The National Institute of Standards and Technology (NIST) created many of the password best practices you probably loathe — using a combination of letters, numbers, and special characters. The NIST now says those guidelines were ill-advised and has changed its stance.
In 2003, a manager at the National Institute of Standards and Technology (NIST) authored a document on password best practices for businesses, federal agencies, and academic institutions. More recently, however, the institute has reversed its stance.
Can you name five cybersecurity best practices? Most people can’t, and few of those who can, actually follow them. Unfortunately, cyberattacks are far too common to be lax about staying safe online. Your identity could be stolen, or even worse, you could expose private information belonging to your company’s clients.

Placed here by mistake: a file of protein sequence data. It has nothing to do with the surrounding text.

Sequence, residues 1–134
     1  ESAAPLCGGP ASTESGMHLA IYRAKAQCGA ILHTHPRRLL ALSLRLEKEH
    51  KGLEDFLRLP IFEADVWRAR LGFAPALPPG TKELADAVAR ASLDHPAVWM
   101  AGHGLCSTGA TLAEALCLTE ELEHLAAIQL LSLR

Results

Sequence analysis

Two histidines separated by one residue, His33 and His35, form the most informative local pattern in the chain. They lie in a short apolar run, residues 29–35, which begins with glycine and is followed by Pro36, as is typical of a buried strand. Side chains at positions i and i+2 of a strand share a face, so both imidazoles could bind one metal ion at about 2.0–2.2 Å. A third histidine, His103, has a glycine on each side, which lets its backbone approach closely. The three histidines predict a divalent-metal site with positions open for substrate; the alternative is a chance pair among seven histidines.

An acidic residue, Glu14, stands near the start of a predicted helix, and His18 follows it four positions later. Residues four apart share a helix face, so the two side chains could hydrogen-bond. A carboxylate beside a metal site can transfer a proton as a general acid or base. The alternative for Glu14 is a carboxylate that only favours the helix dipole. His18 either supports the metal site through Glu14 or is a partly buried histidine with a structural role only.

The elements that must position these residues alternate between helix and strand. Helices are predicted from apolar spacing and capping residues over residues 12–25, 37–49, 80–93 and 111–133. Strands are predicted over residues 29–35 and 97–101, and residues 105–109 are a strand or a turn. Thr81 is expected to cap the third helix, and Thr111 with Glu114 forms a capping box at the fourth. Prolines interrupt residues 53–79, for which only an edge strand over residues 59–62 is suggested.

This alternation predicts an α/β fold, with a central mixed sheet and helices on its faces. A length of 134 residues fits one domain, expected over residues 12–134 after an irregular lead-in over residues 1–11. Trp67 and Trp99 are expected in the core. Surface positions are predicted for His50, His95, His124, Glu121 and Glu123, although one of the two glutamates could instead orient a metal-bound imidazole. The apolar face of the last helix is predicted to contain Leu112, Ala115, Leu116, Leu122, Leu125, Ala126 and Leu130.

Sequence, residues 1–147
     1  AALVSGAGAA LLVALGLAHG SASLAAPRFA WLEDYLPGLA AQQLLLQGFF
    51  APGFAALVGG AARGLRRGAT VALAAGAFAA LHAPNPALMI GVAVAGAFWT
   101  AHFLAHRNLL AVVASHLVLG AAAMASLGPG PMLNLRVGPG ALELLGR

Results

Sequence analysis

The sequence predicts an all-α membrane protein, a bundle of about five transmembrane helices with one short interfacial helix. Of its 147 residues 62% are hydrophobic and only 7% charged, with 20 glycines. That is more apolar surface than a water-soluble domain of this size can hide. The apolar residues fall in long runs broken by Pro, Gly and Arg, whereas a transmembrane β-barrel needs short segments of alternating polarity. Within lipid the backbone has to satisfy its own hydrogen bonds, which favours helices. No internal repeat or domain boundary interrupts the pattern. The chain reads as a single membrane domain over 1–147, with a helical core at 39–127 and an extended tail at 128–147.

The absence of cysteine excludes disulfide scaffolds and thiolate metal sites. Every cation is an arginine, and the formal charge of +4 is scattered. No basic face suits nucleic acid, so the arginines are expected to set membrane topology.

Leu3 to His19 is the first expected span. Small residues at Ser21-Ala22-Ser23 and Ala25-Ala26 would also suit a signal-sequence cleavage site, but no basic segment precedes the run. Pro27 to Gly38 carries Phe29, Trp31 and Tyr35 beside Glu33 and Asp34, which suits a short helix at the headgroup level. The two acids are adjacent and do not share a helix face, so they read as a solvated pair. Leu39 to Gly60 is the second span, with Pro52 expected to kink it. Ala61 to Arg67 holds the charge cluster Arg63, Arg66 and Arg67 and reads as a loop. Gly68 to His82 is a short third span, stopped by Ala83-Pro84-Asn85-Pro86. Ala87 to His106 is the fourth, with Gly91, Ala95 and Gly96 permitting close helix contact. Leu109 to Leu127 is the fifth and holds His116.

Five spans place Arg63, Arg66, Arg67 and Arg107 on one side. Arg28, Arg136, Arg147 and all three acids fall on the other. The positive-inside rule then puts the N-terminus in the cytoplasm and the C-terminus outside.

According to experts, passwords shouldn’t be the only way you defend your accounts. After all, hackers have plenty of tricks and tools to steal them. So to help businesses fully understand the risks involved, Google conducted a study on the causes of account hijacking.
For years, we’ve been told that strong passwords include three things: upper and lower-case letters, numbers, and symbols. And why wouldn’t we when the National Institute of Standards and Technology (NIST) told us they were the minimum for robust passwords? Here’s why and how it involves you.
If you’re using Office 365, you wouldn’t want to miss this news: Online scammers are carrying out a highly customized spear-phishing campaign to steal Office 365 users’ credentials and attack organizations internally. Get yourself informed and read on.